Inquiries about our training services often start with vague details like, “we need civility training for 50 people,” or, “we need training for an employee with bad behavior.”
Naturally, our first response is to get curious and dig deeper into what’s driving the request. Nine times out of ten, organizations are dealing with an egregious “bad actor” who is going to cost them in litigation one day, or they’re experiencing a full-blown culture issue that’s increasing turnover and ultimately hurting their bottom line.
The organization’s proposed solution: Training.
We see a recurring belief from potential clients that training is the secret weapon to catalyze change in their organization. While it’s possible, that only happens in the right context.
If the organization does not support the behavior changes being asked of employees in the training, then it will fail. Or, if employees see roadblocks to implementing change, such as a lack of accountability for bad actors, the concepts outlined in training are dead in the water.
In fact, employees will exit the training session feeling they just wasted valuable hours.
Here’s an example:
Employees attend training and learn how to identify negative behavior, such as a microaggression, so that they can step in and influence that scenario in a positive way. Two days later, Sam recognizes bad behavior in Alex, but Sam doesn’t believe speaking up will lead to any consequences for Alex because he’s observed Cheri’s pattern of bad behavior over the last three years. It’s never gotten better, so of course Sam surmises that the organization doesn’t care about it. So Sam doesn’t speak up, and Alex’s behavior continues.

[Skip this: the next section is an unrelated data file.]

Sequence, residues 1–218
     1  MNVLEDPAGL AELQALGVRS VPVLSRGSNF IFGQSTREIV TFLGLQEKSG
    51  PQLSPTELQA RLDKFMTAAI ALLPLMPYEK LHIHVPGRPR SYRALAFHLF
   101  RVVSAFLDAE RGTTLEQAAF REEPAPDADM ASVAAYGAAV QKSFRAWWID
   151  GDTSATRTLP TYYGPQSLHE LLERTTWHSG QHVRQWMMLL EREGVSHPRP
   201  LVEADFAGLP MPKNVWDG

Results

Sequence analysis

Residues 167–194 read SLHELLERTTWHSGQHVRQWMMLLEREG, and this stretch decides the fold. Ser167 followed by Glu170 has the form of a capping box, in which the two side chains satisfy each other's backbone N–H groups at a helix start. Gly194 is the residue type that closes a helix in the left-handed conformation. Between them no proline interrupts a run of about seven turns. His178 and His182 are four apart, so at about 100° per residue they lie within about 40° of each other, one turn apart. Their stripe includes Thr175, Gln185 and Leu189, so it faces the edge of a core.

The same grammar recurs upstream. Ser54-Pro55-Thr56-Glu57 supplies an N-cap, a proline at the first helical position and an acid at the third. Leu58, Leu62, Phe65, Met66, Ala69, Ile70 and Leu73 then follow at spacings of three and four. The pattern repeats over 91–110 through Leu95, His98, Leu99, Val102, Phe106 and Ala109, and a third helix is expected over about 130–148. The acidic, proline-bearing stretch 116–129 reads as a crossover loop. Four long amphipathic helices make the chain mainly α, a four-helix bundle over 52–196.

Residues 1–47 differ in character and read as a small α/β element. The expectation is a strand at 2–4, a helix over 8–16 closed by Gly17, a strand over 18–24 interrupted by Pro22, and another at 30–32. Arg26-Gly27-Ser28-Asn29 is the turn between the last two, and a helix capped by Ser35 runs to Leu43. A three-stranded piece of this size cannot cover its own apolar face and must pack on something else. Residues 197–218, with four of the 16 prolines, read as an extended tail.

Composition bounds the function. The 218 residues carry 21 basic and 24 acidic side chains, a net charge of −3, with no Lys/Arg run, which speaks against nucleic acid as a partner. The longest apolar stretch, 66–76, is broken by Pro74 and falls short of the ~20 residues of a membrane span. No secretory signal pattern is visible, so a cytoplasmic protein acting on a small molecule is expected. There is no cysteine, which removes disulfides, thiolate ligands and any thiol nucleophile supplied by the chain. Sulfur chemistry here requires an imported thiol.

This is why the first step in culture healing is NOT training.
Before doing a one-off training around civility with your workforce, or putting an employee through training because it seems like what you’re supposed to do, consider how the organization will reinforce the learning that training provides.
Ask yourself the following questions:
- How will the organization hold employees accountable for what they’ve learned?
- Is there enough psychological safety to ensure they will report bad behavior, now that they know how to identify it?
- Are managers equipped with the tools they need to set expectations, coach negative behavior into positive behavior, and hold people accountable?
- Are managers committed to solving incivility issues amongst their staff, before the behaviors escalate into behaviors like bullying and harassment?
- How will the organization perpetuate the learning, skills and behavior outlined in the training?
If you’re unsure about any of the answers, then you’ll want to develop some strategies to ensure you’re reinforcing training in meaningful ways. Remember that training is just a blip in time, and turning around toxic behavior and organizational culture is ongoing.
Don’t waste your time, energy and frankly money on a training that’s going to fade in people’s minds a week after they’ve completed it.
If you’re considering training, let us help you set yourself, your organization, and your employees up for success through proper planning.
After all, expectations without accountability… are only suggestions.
Rebecca & The Civility Partners Team
(AKA, your experts in implementing training and all the stuff that goes with it to make it impactful)
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